Copper prices, which reached all-time highs last month amid a surge in global commodity prices and speedy accelerations in manufacturing and industrial output in China, have been falling notably over the past two weeks amid concerns over a crackdown on speculators from Beijing.
A decade-high surge in producer price inflation in China, the world's biggest importer, was also followed by data showing back-to-back declines in monthly imports, adding further downward pressure to copper, which traded a seven-week low of $9,580 per ton Tuesday on the London Metals Exchange.
Traders are also noting that Senate lawmakers a pushing a $1.2 trillion infrastructure bill - spread out over eight years - that is much lower than President Joe Biden's initial $2.3 trillion target.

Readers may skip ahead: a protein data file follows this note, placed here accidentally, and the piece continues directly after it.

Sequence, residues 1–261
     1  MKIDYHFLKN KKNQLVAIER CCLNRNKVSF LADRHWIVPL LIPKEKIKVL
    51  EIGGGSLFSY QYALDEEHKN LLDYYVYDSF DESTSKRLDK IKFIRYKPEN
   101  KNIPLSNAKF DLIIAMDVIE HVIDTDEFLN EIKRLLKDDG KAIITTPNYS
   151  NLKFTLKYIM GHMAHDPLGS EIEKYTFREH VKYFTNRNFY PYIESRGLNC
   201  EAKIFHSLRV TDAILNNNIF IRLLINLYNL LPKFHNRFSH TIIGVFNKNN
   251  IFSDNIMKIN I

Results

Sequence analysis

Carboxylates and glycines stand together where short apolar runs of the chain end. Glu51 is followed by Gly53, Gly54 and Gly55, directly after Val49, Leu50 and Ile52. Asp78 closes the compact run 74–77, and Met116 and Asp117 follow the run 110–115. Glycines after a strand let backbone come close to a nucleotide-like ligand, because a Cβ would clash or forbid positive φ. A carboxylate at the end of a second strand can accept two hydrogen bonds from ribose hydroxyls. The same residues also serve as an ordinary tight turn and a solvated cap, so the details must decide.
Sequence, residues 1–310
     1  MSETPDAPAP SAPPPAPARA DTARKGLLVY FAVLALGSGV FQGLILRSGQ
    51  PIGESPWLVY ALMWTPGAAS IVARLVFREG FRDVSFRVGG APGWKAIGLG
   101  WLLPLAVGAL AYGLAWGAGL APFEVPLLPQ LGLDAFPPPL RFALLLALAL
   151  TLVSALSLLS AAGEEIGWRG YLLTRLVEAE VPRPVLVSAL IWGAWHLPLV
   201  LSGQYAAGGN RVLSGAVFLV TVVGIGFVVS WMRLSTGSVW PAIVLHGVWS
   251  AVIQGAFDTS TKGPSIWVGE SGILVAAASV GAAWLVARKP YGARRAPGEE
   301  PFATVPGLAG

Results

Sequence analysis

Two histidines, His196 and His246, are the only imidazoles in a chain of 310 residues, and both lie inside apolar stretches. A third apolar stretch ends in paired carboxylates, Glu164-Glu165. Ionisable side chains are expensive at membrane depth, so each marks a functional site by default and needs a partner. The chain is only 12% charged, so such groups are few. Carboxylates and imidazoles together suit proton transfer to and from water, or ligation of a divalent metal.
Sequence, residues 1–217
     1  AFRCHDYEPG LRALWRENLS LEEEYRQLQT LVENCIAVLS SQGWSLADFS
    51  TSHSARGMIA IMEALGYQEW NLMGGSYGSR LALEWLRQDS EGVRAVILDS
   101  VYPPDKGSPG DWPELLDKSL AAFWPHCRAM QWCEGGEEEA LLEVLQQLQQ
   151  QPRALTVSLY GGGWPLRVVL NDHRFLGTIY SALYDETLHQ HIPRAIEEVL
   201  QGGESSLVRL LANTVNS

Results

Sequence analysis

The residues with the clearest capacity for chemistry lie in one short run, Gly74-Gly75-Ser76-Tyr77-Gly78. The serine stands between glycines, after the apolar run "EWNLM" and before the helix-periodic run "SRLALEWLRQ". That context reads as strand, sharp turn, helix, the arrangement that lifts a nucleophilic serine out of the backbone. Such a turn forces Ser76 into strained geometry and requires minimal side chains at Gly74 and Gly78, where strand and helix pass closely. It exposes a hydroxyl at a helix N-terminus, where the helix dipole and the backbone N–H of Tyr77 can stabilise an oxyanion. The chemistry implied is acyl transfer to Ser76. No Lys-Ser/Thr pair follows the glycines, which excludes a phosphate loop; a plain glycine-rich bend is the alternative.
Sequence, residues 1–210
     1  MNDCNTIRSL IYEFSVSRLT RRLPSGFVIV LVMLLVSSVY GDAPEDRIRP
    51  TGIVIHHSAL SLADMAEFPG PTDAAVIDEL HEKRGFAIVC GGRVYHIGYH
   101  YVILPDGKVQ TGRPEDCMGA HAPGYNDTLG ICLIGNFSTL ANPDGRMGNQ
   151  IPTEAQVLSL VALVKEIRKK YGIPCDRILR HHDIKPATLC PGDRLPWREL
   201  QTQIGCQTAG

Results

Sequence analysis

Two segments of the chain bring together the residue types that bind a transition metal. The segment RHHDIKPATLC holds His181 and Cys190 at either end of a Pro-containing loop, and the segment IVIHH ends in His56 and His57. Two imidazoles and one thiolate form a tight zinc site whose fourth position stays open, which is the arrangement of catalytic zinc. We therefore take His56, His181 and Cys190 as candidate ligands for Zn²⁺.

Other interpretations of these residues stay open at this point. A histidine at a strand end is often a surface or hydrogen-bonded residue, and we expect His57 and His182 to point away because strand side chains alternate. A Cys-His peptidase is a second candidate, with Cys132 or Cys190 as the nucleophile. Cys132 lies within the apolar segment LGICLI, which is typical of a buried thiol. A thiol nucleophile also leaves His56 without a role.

CEO Richard Adkerson told investors in April that a combination of rising demand, scarcity of new supplies point to large impending structural deficits, supporting much higher copper prices than previously anticipated", adding that the miner is "notably well positioned to benefit from these fundamentals, a leading responsible large-scale producer of copper."
Freeport-McMoRan nudged its full-year cooper production targets higher last month, to 3.8 billion tons this year and 4.4 billion in 2022.
"It is becoming increasingly more challenging and costly for our industry to develop supplies to meet the dramatically increasing demand for copper," Adkerson said. "And our team literally loves where our Freeport is situated in this environment."
Freeport-McMoRan shares were marked 4.8% lower in early trading Tuesday to change hands at $37.50 each, a move that would still leave the stock with a year-to-date gain of around 48%.